When Halton Regional staff became aware of the application in August 2018, they immediately filed a letter of objection with the Ministry of Natural Resources and Forestry. The town of Milton and Conservation Halton have also filed letters of objection.
Minikakis claims, “James Dick Construction has made no effort to contact us to discuss our issues. They have as we understand it met with the town of Milton and Halton Region. Not sure about the Conservation Authority. There is no environmental assessment/review planned as far as we know at this time. Although there should be and Premier Doug Ford should be the one asking for this.”
On May 8, 2019 ACTION held a public meeting attended by over 300 people. Minikakis says:
“The community is outraged that this is actually happening, they all came to the meeting each with their own concerns. They listened to our legal counsel. The Mayor of Milton Gord Krantz, Lisa Raitt MP for Milton, Regional Councillor Colin Best and Councillor Kristina Tesser Derksen all made a presentation. Toward the end of the meeting and with less than 30 minutes left we were able to raise over $100,000 dollars and we anticipate the contributions to continue to come in to hire technical experts and scientists.”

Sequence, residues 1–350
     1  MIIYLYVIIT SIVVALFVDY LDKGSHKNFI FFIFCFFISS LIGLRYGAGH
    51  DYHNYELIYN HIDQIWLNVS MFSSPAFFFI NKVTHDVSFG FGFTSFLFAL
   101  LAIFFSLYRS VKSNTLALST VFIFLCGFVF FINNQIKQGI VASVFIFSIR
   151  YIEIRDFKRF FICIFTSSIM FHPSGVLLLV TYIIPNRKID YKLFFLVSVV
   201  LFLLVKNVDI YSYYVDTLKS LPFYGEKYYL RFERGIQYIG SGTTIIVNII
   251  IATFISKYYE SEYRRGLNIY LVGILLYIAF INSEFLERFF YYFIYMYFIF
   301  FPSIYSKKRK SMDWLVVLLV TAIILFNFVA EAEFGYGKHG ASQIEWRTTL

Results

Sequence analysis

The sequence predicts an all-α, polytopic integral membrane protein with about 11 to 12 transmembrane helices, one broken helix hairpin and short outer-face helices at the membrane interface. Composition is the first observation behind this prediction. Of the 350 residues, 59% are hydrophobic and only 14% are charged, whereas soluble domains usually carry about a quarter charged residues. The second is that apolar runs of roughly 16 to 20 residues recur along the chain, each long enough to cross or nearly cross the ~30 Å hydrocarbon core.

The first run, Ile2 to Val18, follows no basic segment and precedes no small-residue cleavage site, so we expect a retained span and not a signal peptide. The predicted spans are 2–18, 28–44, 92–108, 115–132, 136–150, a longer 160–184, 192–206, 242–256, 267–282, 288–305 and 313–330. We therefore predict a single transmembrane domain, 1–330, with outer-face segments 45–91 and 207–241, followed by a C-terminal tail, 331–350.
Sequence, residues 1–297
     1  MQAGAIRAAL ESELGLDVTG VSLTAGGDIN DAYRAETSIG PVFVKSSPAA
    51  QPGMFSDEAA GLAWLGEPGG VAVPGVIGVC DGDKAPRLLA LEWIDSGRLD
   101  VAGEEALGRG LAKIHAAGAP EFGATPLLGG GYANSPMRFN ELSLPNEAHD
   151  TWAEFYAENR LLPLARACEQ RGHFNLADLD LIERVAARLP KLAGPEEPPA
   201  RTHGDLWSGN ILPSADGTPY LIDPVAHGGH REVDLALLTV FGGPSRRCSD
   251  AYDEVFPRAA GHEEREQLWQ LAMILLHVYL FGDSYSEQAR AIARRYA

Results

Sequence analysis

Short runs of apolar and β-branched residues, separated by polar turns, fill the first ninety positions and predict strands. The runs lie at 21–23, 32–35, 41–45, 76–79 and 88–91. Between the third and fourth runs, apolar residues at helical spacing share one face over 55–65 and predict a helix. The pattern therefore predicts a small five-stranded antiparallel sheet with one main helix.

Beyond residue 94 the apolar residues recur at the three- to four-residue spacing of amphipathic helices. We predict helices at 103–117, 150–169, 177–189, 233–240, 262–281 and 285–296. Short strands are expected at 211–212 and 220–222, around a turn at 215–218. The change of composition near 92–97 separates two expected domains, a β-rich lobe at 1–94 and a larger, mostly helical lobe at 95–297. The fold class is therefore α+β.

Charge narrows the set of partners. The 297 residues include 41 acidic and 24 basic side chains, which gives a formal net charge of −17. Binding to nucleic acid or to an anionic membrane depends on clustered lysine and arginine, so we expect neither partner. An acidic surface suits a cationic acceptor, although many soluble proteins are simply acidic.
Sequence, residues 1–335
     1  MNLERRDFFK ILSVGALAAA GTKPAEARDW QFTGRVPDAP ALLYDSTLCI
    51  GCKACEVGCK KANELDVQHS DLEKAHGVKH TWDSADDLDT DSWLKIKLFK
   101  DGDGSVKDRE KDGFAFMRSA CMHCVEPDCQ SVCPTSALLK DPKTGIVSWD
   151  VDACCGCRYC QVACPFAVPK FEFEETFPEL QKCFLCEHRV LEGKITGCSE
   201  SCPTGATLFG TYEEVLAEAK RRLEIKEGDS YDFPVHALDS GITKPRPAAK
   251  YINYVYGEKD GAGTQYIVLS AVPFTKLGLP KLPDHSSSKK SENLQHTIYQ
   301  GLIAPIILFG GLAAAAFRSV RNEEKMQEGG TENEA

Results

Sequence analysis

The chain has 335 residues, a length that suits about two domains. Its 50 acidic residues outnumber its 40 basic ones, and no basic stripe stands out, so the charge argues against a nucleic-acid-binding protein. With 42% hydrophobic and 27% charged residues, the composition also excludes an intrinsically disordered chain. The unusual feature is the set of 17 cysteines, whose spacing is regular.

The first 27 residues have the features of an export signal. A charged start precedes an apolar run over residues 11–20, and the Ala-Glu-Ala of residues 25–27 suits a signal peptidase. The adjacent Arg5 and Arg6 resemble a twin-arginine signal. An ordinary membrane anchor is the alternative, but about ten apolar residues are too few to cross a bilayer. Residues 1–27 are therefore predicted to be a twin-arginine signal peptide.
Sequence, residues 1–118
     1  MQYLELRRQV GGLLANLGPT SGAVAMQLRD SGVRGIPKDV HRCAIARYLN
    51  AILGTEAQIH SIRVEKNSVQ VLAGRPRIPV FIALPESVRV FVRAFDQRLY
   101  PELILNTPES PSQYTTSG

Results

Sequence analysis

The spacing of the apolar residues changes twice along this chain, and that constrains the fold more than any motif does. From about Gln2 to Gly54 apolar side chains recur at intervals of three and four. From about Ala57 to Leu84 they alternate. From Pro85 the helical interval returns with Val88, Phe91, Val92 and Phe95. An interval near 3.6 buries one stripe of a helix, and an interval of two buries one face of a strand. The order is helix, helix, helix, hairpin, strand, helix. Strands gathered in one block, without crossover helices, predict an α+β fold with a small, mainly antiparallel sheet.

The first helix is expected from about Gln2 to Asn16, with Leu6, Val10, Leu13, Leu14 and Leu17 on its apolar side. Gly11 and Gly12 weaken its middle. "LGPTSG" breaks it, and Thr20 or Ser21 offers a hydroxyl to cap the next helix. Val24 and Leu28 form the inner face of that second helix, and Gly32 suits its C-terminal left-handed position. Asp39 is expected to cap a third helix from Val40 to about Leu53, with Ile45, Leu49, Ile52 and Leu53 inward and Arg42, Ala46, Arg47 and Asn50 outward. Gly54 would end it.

MPP Parm Gill’s office was represented by staff.
Guelph, Rockwood and Campbellville advocates know that this is all about location and the ability of an operator to gain competitive advantages. Quarry owners see being close to market as ideal in order to secure business. Minikakis sees this as:
“An outdated supply practice and this is what puts aggregate operators at odds with communities. The aggregate industry needs a better supply-chain management system, and I believe it is one of the few resource-based industries that doesn’t have one. Because of that communities are continually at risk with their water table, quality of air, prone to more noise, dust, traffic from 60,000 to 90,000 trucks per year that doesn’t include service and employee vehicles.”